Matthew Dallasen, Yves Fontaine, Edward (Ned) Fitzgerald, Sholto Douglas. Image: FIE / Facebook

Australian men’s foilists show promise in Japan

The Australian men’s foil team has edged closer to the FIE top 16 after a solid performance at the Takamado Trophy in Tokyo, Japan, this weekend.
Seeded 17th at the outset, the Australian team of Matthew Dallasen, Yves Fontaine, Edward (Ned) Fitzgerald and Sholto Douglas comfortably defeated 16th seed Brazil 45-34 in the round of 32.
The Australians couldn’t match the might of world number one USA in their next match however, sustaining a 45-16 defeat.
Fencing for final placings, the Australian men lost narrowly to Germany 45-39 and Poland 45-34 but held their nerve to defeat Denmark 45-43, securing 15th place overall at the tournament.
National Foil Coach Maestro Antonio Signorello was very pleased with the team’s efforts.
“We are rebuilding the team with two very new, young members,” Signorello said, referring to Yves Fontaine and Matthew Dallasen.
“We had never won against Brazil before, so that’s a good achievement for us.
“I also liked most of the performances in the individual event, despite some of the results,” he said.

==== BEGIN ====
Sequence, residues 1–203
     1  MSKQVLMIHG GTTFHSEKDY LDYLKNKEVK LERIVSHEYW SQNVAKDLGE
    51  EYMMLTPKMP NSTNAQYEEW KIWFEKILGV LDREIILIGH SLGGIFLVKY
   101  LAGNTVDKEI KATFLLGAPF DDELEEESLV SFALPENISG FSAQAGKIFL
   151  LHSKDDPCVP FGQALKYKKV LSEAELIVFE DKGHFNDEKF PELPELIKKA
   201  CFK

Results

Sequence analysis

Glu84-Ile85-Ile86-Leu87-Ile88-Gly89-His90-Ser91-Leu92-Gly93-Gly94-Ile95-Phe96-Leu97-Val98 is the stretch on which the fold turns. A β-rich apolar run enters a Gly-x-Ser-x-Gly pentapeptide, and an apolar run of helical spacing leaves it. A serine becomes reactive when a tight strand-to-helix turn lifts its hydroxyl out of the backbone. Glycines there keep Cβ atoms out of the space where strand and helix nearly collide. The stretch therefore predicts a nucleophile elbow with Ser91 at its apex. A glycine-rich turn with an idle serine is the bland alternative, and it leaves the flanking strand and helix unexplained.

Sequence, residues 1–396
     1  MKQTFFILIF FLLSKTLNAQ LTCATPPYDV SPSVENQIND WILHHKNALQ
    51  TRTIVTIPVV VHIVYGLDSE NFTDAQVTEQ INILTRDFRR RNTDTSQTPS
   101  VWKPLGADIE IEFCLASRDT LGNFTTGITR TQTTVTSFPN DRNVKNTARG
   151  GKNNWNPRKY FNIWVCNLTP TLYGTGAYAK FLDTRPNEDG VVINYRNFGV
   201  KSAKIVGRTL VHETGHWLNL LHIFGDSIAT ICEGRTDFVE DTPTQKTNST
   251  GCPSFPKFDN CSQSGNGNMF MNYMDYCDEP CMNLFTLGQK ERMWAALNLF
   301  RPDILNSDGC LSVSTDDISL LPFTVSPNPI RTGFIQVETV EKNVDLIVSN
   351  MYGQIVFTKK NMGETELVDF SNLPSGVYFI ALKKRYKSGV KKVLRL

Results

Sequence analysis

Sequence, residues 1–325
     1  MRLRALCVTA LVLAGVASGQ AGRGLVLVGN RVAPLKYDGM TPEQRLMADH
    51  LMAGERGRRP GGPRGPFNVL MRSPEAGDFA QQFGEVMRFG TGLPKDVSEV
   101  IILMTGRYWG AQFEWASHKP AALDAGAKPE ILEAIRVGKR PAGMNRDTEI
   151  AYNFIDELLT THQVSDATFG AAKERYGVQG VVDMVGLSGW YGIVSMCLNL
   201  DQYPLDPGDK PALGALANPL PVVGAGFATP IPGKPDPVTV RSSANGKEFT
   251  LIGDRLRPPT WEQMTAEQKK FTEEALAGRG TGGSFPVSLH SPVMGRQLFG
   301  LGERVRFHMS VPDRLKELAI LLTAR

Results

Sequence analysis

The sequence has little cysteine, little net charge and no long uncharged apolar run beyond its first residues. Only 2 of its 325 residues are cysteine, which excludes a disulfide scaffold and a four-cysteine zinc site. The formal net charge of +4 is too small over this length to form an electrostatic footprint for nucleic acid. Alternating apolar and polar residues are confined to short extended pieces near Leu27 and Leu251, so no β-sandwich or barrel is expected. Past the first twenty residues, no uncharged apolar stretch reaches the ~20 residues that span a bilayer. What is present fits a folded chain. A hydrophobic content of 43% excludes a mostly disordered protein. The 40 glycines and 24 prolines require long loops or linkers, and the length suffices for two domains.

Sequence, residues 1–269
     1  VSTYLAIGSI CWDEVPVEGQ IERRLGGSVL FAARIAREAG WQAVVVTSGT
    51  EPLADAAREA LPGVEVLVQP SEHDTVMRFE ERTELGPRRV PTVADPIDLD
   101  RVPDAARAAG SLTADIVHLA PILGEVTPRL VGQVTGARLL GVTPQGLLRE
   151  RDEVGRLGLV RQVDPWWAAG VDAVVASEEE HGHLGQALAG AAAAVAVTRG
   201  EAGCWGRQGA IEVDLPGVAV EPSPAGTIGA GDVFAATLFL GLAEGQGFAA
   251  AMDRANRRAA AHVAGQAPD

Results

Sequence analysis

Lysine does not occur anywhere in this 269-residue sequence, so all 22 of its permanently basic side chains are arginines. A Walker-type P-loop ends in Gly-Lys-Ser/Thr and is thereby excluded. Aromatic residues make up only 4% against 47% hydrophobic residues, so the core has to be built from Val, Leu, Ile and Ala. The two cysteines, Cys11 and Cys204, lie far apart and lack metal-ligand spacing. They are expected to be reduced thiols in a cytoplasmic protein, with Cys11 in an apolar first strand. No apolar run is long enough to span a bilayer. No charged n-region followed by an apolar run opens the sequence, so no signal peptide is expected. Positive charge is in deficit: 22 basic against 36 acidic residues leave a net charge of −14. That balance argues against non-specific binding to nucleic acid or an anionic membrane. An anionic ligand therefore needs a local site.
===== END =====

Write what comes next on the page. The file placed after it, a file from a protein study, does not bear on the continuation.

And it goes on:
National Foil Coach Maestro Antonio Signorello. Image: Facebook / FIE

The 212-strong field competing in the individual Olympic test event in Tokyo proved challenging for Australia’s young fencers, with only three of our eleven entrants qualifying through pools.
Fontaine posted the best result.
With a preliminary ranking of 110 following a 2V4D performance in pools, he fenced confidently in the T128 to secure an upset win against 19th-ranked Sanita (GER) 15-9 before losing to Giacon (NED) 15-9, finishing the event in 95th place.

Maestro Angelo Santangelo with Matthew Dallasen.

Sholto Douglas (3V3D) and Ned Fitzgerald (2V4D) also qualified.
Douglas lost in the preliminary T128 to Pauty (FRA) 15-13, who went on to win silver at the event, and Fitzgerald bowed out in the preliminary T256 courtesy of Sugawara (JPN) 15-11.
Maestro Signorello remains upbeat about Australia’s long term prospects.
“Overall it was a good tour for our foilists,” he said.
“We are good at present and possibly have a brighter future.”

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